A lot of business processes are functioning with the help of data science implementations, i.e. machine learning models, time series models, AI solutions etc. These models take into consideration the historical data as well as past trends. In the Pre-COVID arena, all models were working well with the changing environment. All predictions were serving the purpose of the task as desired. With the advent of 2020, COVID 19 emerged on this Earth and caused a major disruption in our usual modelling behaviour.
COVID has affected every industry in a different way. For example, consumers have engaged in a lot of panic buying situations and supply hoarding due to the lockdown scenario in major parts of the world. Hence the consumer goods industry saw a heavy increase in supplies in the month of March and April. In western countries like the UK, US the ‘eating at home scenarios’ increased substantially. There was a major shift from eating outside to eating at home due to restricted movement for people.
The sales for most of the food products went up due to the situation. This sudden spike in sales has been very beneficial from the performance standpoint. The traditional models can no longer be used for sales predictions as they are unable to capture these unusual spikes in sales over the past two to three months. This is just one of the use cases. A similar kind of situation will be observed with respect to every industry.
For solving this kind of a complex situation, some careful analysis will need to be undertaken by Analysts and Data Scientists. As these spikes as in the above case are infrequent numbers, they are classified as outliers. Outlier detection and analysis are terms which need to be researched so that we can arrive at a solution to the above problem. Outlier detection for this scenario is an easy process as it is visible on the graph explicitly. The major challenge will come around handling these outliers in the most efficient way.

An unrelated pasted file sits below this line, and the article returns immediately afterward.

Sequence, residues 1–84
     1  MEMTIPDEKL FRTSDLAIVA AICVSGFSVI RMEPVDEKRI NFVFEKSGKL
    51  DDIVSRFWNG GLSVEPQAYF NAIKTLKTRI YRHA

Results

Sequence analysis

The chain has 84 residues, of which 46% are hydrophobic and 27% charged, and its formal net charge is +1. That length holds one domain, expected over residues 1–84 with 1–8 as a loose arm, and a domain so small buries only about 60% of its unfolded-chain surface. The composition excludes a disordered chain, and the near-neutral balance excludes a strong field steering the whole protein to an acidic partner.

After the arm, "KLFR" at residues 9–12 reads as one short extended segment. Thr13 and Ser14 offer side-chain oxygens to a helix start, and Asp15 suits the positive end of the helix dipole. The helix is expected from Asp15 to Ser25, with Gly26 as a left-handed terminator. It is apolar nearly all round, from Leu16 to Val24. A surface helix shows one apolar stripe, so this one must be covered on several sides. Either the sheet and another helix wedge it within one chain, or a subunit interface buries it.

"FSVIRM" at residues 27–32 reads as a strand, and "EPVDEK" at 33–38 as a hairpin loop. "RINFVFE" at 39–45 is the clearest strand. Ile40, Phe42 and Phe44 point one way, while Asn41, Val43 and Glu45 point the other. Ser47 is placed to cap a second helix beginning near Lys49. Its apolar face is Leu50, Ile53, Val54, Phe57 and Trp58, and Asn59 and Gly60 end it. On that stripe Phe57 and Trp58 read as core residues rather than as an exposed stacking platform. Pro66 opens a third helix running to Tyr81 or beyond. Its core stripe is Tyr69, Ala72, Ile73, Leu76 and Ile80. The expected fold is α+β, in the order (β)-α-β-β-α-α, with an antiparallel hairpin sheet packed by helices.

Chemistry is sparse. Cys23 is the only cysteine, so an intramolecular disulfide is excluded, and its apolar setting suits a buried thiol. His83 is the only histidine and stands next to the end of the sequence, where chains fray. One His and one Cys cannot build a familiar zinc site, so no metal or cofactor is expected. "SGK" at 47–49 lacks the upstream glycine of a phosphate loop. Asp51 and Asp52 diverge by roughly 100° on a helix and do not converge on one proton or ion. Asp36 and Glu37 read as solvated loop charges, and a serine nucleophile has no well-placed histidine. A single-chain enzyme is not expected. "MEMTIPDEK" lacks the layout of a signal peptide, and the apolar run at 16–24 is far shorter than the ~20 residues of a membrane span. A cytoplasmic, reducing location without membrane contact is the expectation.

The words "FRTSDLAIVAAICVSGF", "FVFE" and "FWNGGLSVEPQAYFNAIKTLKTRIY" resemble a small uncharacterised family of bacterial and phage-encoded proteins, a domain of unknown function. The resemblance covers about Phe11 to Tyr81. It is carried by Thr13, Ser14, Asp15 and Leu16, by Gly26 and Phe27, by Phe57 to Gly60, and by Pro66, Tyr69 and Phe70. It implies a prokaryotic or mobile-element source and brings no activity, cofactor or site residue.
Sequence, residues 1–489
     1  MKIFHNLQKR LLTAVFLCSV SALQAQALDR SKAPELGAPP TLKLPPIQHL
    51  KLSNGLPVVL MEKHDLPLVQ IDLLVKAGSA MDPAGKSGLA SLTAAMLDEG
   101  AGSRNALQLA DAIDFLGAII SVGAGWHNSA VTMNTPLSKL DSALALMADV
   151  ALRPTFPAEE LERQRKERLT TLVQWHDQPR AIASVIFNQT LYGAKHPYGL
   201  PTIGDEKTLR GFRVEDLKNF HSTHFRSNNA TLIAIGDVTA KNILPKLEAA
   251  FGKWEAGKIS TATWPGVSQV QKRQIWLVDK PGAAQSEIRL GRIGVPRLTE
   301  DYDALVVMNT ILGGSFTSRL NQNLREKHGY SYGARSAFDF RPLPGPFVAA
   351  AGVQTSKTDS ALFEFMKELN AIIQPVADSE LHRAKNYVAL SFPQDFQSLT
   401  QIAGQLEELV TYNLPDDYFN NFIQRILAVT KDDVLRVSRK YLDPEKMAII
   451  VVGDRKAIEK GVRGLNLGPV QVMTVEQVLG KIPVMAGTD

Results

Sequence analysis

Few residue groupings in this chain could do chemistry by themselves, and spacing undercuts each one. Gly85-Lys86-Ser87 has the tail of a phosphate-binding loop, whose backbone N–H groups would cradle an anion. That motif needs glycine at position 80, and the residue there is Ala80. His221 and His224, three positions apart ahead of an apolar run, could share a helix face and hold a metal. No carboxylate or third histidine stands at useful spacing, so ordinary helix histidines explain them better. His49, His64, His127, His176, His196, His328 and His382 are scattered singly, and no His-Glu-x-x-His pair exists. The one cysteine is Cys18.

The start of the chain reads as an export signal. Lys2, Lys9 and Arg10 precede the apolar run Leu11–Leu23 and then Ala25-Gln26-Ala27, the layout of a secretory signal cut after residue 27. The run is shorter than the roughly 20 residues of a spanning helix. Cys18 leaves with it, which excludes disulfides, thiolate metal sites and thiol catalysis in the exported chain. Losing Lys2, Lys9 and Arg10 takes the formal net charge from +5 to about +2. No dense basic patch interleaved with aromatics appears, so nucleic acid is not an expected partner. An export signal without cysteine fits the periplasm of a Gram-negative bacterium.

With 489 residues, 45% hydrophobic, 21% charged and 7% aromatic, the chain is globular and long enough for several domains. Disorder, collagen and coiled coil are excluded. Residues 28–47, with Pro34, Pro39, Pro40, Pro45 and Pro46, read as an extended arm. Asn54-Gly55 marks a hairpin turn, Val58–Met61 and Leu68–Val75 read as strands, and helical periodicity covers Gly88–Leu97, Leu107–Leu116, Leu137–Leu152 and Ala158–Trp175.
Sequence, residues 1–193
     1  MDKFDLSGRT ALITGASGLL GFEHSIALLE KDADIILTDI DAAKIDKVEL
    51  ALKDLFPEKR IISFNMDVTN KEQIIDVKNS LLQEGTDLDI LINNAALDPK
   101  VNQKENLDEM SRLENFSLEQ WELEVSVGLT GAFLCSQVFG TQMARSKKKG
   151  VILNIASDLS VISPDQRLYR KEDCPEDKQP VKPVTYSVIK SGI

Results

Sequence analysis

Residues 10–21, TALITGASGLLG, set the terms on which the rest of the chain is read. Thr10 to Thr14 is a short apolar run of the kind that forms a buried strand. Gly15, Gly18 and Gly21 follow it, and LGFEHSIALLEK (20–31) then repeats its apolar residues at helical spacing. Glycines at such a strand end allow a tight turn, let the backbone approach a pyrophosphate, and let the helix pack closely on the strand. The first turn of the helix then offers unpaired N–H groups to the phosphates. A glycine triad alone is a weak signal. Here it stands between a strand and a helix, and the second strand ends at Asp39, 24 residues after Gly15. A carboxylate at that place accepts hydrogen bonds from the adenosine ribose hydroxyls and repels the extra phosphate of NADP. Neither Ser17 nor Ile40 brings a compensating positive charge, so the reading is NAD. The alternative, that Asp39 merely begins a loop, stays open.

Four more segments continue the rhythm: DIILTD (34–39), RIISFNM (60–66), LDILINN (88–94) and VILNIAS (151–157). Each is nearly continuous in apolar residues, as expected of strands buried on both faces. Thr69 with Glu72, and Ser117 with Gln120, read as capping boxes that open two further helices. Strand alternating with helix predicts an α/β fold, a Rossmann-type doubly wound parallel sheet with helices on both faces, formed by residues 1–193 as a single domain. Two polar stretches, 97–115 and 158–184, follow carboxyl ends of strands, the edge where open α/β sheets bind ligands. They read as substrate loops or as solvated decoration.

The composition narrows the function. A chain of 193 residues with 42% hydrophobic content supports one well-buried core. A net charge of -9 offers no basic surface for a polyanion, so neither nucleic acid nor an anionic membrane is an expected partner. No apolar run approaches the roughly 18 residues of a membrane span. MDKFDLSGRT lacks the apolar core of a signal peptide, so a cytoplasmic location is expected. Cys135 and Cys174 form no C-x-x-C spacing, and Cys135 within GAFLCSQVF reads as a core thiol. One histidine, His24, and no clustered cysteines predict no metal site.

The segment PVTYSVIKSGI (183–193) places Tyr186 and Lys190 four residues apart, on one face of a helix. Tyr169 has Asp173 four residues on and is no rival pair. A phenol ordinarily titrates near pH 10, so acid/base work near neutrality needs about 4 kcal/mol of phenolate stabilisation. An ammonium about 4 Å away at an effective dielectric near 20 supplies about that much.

There can be multiple ways to approach this. You can design a case by case solution where you can make different assumptions around the COVID scenario. The first scenario would be without COVID coming into the picture. The subsequent scenarios can be designed making assumptions until when COVID will last. The usual times series or linear regression models can be used but with some smoothing factors so that the predictions are in line with the expected sales and do not overrun expectations. The kind of outlier handling technique to be used depends on the modifications that you want to do.
I have recently come across a few outlier handling techniques which can be used –
- Bootstrapping methods – These are methods which allow you to boost model performance. It handles the outlier very efficiently. It has various implementations in Python. Some examples of Boosting method implementations are XgBoost, AdaBoost etc.
- Generalized Estimating Equations – This method is used when observations are possibly correlated within a cluster but uncorrelated across clusters. This helps in handling the outliers. It has an implementation in the statsmodels library in Python.
- M – Estimation Method – This is similar to linear regression but modifies the function by removing the square operation and replaces it with another function which helps us with dealing with the outliers. It has an implementation in the statsmodels library in Python.
These are a few of the methods which could be used for handling the outliers depending on the business scenario. Depending on the use case, the data points will display different behaviour. Referred to as “concept drift”, there are changes in human behaviour depending on the situation outside i.e. lockdown, self-isolation etc. Concept drift is affecting all kinds of industries, for example, fraud prediction scenarios cannot be implemented in the same ways as before.
Models which have been deployed and productionalized work on the same old features and the historical data. Models in production don’t account for variables and don’t factor in evolving trends in the real world. But with the changing agile world circumstances, these models will not be able to make predictions according to the scenario. The models will have to be changed to incorporate the changing, agile environment so that they are able to provide the desired results and add value to the business.
Models need to be more adaptive and able to leverage business strategies in the best possible way. Models will become obsolete if not altered. There will have to be mechanisms in place for tracking the trends and the errors in model value predictions. Data Science needs to quickly adapt to the fast paced changes that are happening in the world due to the pandemic.
Companies have the right kind of data in place, but right now it’s all about the modifications that you make and leverage the data in the best way possible. Models will have to be agile and should be able to adapt to immediate emergencies like COVID etc. Data Science teams will need to make models dynamic so that they can be monitored to assess the situation.